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News & opinion

24 JAN 2020

What if cities start to run out of water?

There are two main reasons why a city may experience water stress: limited availability of water, and ineffective infrastructure to get water to where it’s needed. In fact, many water-stressed cities have potential access to abundant water, but financial constraints prevent them building the infrastructure required. This kind of economic water scarcity is largely due to a lack of political understanding of the importance of water, even though people may be able to afford it.

When cities run short of water, multiple problems can occur, including large-scale emergencies. Temporary water rationing to match rising demand with falling supply can turn into long-term or even permanent rationing – which could result in people not drinking enough – and suppressed industrial and economic productivity.

Urban centres cut off from the rationed water may begin to obtain water by other, expensive, means – buying it from tankers or by the bottle. And if a city’s consistent water supply breaks down, it could lead to sanitation problems and outbreaks of water-borne diseases if wastewater is improperly treated or disposed of.

 

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Bottled water
Water-stressed cities around the world can offset their problems by reusing wastewater

However, if the political will is there, many water-stressed cities can reinforce their supplies. There are numerous options, including innovative methods of pumping or transporting water hundreds of miles – but one of the most chronically overlooked is recycling wastewater. Indeed, many water-stressed cities could solve their scarcity problems using this method.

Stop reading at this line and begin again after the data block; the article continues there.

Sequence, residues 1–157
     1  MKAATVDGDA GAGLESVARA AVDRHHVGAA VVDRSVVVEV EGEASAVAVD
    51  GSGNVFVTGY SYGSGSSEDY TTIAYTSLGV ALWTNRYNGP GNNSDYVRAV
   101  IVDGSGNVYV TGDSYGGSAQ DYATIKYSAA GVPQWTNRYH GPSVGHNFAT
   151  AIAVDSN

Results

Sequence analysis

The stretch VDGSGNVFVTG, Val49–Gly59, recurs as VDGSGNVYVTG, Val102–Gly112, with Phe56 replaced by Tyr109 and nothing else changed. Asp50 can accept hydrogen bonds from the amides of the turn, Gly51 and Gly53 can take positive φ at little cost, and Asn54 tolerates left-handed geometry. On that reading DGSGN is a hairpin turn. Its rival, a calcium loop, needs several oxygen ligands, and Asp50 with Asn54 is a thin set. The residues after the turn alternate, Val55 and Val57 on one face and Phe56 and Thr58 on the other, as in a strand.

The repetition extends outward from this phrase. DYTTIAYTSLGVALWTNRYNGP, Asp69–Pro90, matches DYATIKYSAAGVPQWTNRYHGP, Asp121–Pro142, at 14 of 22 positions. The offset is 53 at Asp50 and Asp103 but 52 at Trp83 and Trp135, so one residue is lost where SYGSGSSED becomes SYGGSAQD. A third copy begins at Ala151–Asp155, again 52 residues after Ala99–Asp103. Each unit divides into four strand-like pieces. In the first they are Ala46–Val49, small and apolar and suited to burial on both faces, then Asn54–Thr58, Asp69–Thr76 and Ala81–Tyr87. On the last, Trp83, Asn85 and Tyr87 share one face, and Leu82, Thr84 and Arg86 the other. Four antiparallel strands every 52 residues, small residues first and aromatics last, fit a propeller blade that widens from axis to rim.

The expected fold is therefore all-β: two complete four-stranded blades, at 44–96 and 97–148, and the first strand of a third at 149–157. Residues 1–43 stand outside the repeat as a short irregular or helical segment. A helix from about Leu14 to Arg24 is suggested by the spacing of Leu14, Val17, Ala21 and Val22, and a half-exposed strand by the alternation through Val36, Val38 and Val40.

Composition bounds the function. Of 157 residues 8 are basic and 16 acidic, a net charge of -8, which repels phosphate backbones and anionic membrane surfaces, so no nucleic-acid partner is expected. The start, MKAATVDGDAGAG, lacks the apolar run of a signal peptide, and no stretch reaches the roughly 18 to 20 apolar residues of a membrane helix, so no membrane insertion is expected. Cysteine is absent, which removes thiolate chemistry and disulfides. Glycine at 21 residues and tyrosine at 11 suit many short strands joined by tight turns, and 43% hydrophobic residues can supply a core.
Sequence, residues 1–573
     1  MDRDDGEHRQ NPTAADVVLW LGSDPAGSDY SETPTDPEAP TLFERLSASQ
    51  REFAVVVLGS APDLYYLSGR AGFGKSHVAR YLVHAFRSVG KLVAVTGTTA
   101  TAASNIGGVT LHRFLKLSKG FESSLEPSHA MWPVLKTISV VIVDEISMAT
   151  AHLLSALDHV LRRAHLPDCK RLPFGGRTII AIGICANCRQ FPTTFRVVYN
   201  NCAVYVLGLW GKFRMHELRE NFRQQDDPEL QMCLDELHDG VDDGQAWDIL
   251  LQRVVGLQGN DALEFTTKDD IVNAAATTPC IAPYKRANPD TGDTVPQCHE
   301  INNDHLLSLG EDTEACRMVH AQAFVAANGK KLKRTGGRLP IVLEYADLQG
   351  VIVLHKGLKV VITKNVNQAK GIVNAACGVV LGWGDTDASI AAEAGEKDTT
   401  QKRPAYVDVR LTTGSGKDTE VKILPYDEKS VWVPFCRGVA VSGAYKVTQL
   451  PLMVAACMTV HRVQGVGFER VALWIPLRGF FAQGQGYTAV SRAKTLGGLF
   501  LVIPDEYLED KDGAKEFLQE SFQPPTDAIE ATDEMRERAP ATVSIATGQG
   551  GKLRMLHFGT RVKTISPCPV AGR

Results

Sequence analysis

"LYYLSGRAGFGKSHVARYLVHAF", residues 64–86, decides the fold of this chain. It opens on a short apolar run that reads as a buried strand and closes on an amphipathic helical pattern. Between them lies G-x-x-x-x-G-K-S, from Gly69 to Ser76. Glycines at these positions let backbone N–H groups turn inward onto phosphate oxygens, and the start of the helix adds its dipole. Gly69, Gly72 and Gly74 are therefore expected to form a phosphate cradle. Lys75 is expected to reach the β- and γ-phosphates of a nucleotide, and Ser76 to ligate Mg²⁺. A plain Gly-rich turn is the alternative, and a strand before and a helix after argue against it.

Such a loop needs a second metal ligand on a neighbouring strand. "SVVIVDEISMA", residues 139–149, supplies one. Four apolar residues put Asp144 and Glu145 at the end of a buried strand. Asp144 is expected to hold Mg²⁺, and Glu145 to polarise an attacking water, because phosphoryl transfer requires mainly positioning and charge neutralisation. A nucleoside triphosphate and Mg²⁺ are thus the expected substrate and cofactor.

In cities with a piped water and sewer network, 80% of the water pumped into homes ends up in the sewer – and toilets flush away the largest amounts. With just a few steps of treatment, this wastewater can be made potable, hugely reducing the net amount of water needed to be brought into the system from external natural sources. And although expensive, this is nowhere near as costly as desalinating seawater.

There are two methods: indirect potable reuse, where treated water is drawn into the system through an environmental buffer, such as a lake, reservoir or aquifer; or direct potable reuse, where treated water is pumped directly into the water network. Still, one big problem with this method is perception – headlines about drinking “dirty” water are common when it’s used.

However, people in London already drink water from the Thames, where treated wastewater has been released upriver – a classic example of indirect potable reuse. In many ways, normalising the planning of indirect potable reuse, and increasing its acceptance, will be crucial over the coming decade to mitigate water shortages.

  • Michael Norton is the director of Michael Norton Water Consultancy
  • This article originally appeared in the January 2020 issue of Modus.